Filipino specialties flourish at Banana Leaf Asian Fusion in Beaumont
By David Cohen
Banana Leaf Asian Fusion, a wide-ranging, primarily Filipino restaurant, initially opened in Hemet but has since moved to Beaumont.
The food of the Philippines is often pork-centric, and noodles (pancit) and rice abound. Many dishes are cooked adobo style, including chicken, pork shoulder and beef with a combination of soy sauce, vinegar, onions, garlic and bay leaves. The method not only infuses the meat with some salty and pungent flavors but tenderizes it.
Vegetables also play a prominent role in such dishes as chicken tinola, using assorted chicken parts with ginger, garlic, fish sauce, green papaya wedges and spinach.
Another dish, pinakbet, consists of chopped pork, green beans, sometimes bitter melon, eggplant and okra steamed in fish sauce, ginger and garlic.
The choice of fare here is in two parts — a steam table containing around 10 items that are already cooked, and a separate menu high up on the wall behind the steam table of dishes cooked to order.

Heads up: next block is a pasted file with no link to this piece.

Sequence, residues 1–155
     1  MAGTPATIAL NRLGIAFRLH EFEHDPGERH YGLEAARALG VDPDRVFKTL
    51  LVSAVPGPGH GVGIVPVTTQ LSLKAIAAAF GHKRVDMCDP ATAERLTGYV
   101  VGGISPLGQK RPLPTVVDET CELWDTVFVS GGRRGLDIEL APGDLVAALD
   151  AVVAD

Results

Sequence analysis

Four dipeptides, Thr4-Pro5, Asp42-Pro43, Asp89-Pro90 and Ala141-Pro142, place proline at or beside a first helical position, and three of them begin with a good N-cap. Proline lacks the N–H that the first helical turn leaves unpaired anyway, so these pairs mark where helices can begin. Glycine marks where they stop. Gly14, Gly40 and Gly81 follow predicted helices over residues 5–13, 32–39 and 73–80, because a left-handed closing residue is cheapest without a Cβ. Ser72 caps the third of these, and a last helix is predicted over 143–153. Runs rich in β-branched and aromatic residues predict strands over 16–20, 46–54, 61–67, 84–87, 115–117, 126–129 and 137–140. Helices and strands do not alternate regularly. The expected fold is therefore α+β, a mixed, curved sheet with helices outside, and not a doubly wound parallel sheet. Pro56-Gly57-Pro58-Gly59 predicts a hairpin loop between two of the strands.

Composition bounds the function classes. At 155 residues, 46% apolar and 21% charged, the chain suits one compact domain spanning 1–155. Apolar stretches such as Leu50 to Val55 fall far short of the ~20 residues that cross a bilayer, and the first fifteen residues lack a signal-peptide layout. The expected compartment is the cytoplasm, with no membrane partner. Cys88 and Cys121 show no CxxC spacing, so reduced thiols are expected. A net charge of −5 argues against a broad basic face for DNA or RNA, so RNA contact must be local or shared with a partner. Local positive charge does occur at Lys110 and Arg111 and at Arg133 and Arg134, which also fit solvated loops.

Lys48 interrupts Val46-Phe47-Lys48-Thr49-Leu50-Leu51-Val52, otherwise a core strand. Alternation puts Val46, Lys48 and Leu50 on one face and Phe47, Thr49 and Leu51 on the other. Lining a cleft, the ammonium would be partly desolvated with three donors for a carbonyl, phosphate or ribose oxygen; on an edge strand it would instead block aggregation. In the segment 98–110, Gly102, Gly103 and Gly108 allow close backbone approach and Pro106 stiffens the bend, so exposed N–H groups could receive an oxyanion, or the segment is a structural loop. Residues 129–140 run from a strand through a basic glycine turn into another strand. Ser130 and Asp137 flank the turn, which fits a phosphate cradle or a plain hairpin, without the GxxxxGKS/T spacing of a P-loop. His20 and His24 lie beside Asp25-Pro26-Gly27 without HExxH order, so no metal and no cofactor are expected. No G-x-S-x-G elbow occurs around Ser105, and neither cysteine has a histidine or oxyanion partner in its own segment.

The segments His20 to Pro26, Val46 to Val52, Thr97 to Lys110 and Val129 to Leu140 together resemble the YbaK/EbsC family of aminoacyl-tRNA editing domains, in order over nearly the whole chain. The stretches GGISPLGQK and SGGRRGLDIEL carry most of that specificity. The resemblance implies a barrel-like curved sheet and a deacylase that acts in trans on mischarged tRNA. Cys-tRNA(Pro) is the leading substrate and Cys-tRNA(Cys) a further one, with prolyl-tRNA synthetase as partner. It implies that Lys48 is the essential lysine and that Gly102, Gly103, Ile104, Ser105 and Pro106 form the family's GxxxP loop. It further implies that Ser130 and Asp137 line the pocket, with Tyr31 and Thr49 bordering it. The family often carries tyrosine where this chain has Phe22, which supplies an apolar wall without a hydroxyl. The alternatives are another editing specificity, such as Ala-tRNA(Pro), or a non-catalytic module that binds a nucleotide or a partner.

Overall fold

The steam table offers the most intriguing selections, which change regularly during the week.
Kaldereta is a stew of goat on the bone, which is exceedingly tender, with potatoes, carrots, onions and bell peppers.
The meat is fairly fatty and in the Philippines is usually served for special occasions.
Several chicken dishes and pata (pig’s knuckle or trotter) are usually available, as is pancit, a classic noodle dish that also contains pork, chicken and veggies. It’s a mainstay of fiestas and birthday celebrations in the Philippines.
Adobo is also available, as is dinuguan, which is not for the fainthearted, since it is made with pork belly and pig intestine cooked in pig’s blood.
The sweet Filipino sausages on the steam table have a deeply delicious flavor, although they are very greasy. The fried pork belly (lechon kawali) is crisp on the top and can vary in the amount of meat […]